HACK3R- Sample



This is a free sample of my debut novel, HACK3R. If you like what you see look for the rest on Amazon or Barnes and Noble.



In the year 2043, the World changed for the worse. No one really noticed it at the time, but the ramifications of the technology event that occurred would alter the course of history. A young man named Jordan Reagan and some of his friends from college launched a start-up. Jordan was a computer programmer, and among his colleagues were a neurologist, a surgeon and an electrical engineer. Their company didn’t have an IPO. It didn’t get any coverage in the news at the time, but their little start-up put an end to life as they knew it.

It all started with a rather innocent idea: What if everything we currently see on screens and read in books, we could instead experience? What if we didn’t just watch our entertainment, or read our messages? What if we could see, feel, hear and smell all of it? Jordan and his friends asked those questions, and they devised a technology that could answer them. A little chip, implanted in their hand, and a chair that emitted very specific wavelengths of light into their eyes, and they could trick their mind into seeing whatever they wanted it to, and they could make a computer on the other end respond to the mind’s impulses. With that little chip, Jordan and his friends gave birth to a new generation of interactive virtual reality, which would become known as psycho-cybernetics, but they really did much more than that.

As the technology grew, the government noticed, and they were more than willing to use this new source of information. The CIA assassinated the little start-up’s founders, and the government seized the chip’s copyright from Jordan’s widow, citing national security. By 2054, almost every man, woman, and child in the developed world had a chip. They became so ubiquitous that no one really noticed when the last few conscientious objectors were rounded up and put in prison.

The year is now 2072, and although Jordan may be dead, his creation lives on.





Somewhere in the mountains of Northern Europe, there is a lake at the base of a mountain. Extending away from that lake is a grassy plain, and on that plain sits a castle. On this particular day, the castle and mountain were both covered in snow, but the plain was a perfect emerald green, as though it were late spring. From the ramparts on the west side of the castle there was a man hanging by his fingertips, and the man laughed, because none of it was real.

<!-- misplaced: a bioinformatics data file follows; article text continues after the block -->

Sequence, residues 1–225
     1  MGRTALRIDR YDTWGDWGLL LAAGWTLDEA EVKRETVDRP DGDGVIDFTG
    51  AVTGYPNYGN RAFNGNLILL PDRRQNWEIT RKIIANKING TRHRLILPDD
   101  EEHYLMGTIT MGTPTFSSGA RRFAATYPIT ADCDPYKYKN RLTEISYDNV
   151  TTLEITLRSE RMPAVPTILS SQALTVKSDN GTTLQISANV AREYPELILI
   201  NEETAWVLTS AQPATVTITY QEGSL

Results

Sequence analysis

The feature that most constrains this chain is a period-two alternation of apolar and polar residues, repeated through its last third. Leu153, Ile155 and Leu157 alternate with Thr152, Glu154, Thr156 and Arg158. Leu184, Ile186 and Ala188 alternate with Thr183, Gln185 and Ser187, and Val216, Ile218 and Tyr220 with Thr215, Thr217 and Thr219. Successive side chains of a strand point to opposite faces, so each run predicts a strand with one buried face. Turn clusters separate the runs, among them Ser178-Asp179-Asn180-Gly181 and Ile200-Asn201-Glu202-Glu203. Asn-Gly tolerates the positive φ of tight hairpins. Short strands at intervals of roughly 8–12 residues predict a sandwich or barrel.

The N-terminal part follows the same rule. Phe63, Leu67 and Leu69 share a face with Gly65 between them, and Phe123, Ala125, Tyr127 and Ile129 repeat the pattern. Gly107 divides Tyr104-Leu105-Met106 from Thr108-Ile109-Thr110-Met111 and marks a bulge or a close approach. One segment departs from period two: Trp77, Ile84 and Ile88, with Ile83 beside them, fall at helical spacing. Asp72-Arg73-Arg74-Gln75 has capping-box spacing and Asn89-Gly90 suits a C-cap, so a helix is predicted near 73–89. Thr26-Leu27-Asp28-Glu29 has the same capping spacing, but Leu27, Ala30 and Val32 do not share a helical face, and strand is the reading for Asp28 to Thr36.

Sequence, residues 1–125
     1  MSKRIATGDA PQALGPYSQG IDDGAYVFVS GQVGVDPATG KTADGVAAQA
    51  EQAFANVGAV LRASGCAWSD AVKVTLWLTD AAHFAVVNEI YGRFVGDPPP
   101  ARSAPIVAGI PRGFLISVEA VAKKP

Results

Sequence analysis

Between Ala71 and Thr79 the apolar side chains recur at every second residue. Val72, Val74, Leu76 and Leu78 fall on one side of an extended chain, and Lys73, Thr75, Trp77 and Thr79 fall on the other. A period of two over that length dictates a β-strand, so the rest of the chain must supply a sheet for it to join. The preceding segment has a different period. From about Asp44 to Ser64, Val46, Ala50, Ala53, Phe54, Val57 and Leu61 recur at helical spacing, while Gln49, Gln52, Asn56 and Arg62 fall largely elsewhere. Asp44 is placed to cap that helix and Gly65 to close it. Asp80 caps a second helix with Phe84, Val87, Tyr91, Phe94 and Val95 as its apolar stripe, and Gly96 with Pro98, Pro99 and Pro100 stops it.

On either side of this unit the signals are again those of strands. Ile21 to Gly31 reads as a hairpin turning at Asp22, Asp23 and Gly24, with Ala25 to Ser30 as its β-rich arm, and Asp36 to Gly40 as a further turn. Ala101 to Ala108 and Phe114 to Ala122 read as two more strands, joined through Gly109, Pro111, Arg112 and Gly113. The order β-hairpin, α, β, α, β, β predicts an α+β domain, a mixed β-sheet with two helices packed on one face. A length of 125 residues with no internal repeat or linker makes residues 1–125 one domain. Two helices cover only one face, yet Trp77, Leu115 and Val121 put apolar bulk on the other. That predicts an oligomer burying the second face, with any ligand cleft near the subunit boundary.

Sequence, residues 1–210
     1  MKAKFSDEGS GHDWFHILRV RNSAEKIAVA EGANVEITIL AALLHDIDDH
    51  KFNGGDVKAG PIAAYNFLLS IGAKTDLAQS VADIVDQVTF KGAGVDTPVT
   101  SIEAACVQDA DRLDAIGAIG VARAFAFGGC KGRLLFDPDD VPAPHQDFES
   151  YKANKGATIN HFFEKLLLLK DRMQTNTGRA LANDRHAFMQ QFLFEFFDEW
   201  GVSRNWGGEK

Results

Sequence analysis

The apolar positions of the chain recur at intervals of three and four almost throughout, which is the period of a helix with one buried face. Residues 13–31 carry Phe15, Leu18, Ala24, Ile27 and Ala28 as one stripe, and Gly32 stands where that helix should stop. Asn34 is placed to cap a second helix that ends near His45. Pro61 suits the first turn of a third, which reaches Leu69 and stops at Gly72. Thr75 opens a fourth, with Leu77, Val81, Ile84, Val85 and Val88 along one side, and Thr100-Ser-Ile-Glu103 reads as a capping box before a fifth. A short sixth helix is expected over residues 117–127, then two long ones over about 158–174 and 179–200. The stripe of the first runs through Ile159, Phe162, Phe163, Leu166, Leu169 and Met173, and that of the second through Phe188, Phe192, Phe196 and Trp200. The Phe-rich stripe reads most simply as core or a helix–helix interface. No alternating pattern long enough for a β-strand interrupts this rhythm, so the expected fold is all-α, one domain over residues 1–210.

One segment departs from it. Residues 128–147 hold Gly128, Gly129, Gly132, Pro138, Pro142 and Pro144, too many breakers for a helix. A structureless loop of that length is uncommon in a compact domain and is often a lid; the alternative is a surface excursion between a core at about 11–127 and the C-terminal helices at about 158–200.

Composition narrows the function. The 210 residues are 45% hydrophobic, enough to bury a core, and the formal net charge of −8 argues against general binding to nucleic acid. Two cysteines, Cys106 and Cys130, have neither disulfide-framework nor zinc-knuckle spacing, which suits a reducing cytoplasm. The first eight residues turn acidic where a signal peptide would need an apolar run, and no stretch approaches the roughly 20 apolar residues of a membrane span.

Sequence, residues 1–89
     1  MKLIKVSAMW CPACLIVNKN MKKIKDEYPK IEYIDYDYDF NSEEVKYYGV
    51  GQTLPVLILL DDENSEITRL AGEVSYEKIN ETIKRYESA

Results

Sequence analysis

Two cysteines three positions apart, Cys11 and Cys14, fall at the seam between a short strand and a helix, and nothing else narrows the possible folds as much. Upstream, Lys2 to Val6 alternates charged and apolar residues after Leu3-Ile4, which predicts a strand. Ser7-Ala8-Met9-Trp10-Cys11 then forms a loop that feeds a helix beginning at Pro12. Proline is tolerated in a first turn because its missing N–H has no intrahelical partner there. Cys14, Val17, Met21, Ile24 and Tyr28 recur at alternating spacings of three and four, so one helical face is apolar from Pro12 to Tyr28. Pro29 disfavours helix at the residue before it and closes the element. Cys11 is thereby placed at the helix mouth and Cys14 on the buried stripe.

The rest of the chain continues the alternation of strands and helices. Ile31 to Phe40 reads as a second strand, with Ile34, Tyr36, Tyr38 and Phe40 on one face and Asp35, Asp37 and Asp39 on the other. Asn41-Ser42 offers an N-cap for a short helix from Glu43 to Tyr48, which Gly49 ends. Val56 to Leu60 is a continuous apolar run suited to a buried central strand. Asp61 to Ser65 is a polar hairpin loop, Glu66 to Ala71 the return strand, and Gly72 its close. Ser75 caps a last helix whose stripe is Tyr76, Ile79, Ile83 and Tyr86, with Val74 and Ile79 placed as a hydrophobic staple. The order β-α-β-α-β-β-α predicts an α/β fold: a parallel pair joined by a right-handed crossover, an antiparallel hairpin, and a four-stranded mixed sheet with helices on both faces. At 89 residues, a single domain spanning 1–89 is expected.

The man’s name was Richard, but he was known in this world as S3RAPHIM, or Seraphim, the greatest hacker the world had known since the fall of traditional code programs and the rise of virtual reality computing. S3RAPHIM wasn’t laughing because the world he currently occupied was artificial, he had expected this; he was laughing because this particular world was rather poorly built: the grass was too green, the lake wasn’t icy, and he had been hanging here for thirty minutes without getting sore, which meant the architect had neglected to include pain in the program.

When building a virtual reality system, including pain in the secure portions was often one of the most important pieces. There was even said to be a government server that held nothing but pain, it was affectionately referred to as H-311, or Hell. Those who sought to dismantle major infrastructure often ended up trapped inside that program until their physical body died, which allowed them to compare the simulation to its inspiration.

S3RAPHIM pulled himself up onto the roof of the castle and examined his surroundings; somewhere there was an item, probably a physical key, which would give him access to the accounts he was after. Without keyboards, alphanumeric passwords had become an archaic device, rarely used. Now one needed to solve a three-dimensional puzzle in order to verify their identity, similar to the video games of the early twenty-first century.